1/5/2015Many Factors at Play Race/EthnicityAcculturationSex/Gender/Gender IdentitySocioeconomic StatusReligion/SpiritualityEducationAnd many more .Culture and Relation to Health Care “culture defines how health care information is received, howrights and protections are exercised, what is considered to be ahealth problem, how symptoms and concerns about the problemare expressed, who should provide treatment for the problem,and what type of treatment should be given.” “ In sum, because health care is a cultural construct, arising frombeliefs about the nature of disease and the human body, culturalissues are actually central in the delivery of health servicestreatment and preventative interventions”US Department of Health and Human Services. Office of Minority HealthCultural Competence “Cultural competence is a set of congruent behaviors, attitudes,and policies that come together in a system, agency or amongprofessionals and enable that system, agency or thoseprofessions to work effectively in cross-cultural situations.”-Cross et al, 1989 “Cultural competence is defined simply as the level ofknowledge-based skills required to provide effective clinicalcare to patients from a particular ethnic or racial group.”- U.S. Department of Health and Human Services, Health Resourcesand Services Administration, Bureau of Health ProfessionsReferenced from Georgetown University, National Center for Cultural Competence4

1/5/2015Cultural Competence Knowledge and skills Knowledge base of factors that can influencecultural beliefs, values, and health behaviors Skill in communication Reasonable to learn about populations frequentlyseen in your practiceVerbalNon-verbal communicationUse of professional interpretersCrawley, 2002Cultural Humility Coined by Melanie Tervalon and JannMurray-Garcia in 1998Lifelong commitment to self-evaluation andself-critique Recognize and work to fix power imbalancesthat exist between providers and patients Develop mutually beneficial clinical andadvocacy partnerships on behalf of individualsand populations Tervalon & Murray-Garcia, 1998Cultural Humility AttitudinalAwareness that culture shapes valuesAcknowledge differences exist Respect the differences Accept the patients’ world view and values as astarting point for the physician-patient relationship Crawley, 20025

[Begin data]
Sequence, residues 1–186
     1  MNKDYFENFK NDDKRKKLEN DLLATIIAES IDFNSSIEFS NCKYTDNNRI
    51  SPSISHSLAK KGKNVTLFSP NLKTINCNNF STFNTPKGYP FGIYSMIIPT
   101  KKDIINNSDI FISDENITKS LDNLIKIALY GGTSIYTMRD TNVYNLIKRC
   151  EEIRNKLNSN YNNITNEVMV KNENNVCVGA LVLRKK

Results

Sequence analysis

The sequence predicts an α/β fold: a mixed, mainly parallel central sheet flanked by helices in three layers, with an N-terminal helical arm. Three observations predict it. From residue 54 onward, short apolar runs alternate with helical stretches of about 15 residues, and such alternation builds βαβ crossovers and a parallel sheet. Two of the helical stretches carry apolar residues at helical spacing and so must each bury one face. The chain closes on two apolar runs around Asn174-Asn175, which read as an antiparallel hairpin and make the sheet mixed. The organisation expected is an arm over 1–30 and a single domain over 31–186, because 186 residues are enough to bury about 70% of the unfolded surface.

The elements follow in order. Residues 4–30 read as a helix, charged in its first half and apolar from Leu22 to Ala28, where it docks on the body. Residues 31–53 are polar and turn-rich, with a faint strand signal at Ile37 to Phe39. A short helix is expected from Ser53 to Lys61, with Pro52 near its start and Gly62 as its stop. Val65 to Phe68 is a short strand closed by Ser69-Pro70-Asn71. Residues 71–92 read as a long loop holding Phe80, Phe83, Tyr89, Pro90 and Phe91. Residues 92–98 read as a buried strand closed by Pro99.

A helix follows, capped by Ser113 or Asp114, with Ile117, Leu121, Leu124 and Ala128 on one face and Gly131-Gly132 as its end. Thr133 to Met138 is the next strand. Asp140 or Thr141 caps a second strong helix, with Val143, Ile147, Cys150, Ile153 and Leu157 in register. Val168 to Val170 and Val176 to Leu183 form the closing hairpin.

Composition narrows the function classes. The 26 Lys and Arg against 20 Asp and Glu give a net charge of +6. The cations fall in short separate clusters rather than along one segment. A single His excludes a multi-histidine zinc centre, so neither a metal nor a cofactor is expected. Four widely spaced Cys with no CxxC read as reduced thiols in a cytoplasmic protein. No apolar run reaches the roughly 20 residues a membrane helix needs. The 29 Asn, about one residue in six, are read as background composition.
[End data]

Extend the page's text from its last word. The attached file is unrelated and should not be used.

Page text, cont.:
1/5/2015ComparisonCultural CompetenceCultural HumilityGoalsBuild understanding of minoritycultures to better and moreappropriately provide servicesEncourage personal reflection andgrowth around culture in order toincrease awareness of arningStrengthsAllows for people to strive toobtain a goalEncourages lifelong learning with noend goal but rather an appreciation ofthe journey of growth andunderstandingPromotes skill buildingPuts clinicians and patients in a mutuallybeneficial relationship and attempts todiminish power dynamicsComparisonShortcomingsCultural CompetenceCultural HumilityEnforces the idea that there canbe 'competence' in a cultureother than one's ownChallenging for providers to graspthe idea of learning with and frompatientsSupports myth that cultures aremonolithicNo end result, which providers canstruggle withBased upon academic knowledgerather than lived experienceCompetency and Humility Components thatmay contribute tobuilding the road Unique pathDesire and processof going on thejourneyNever reach the end6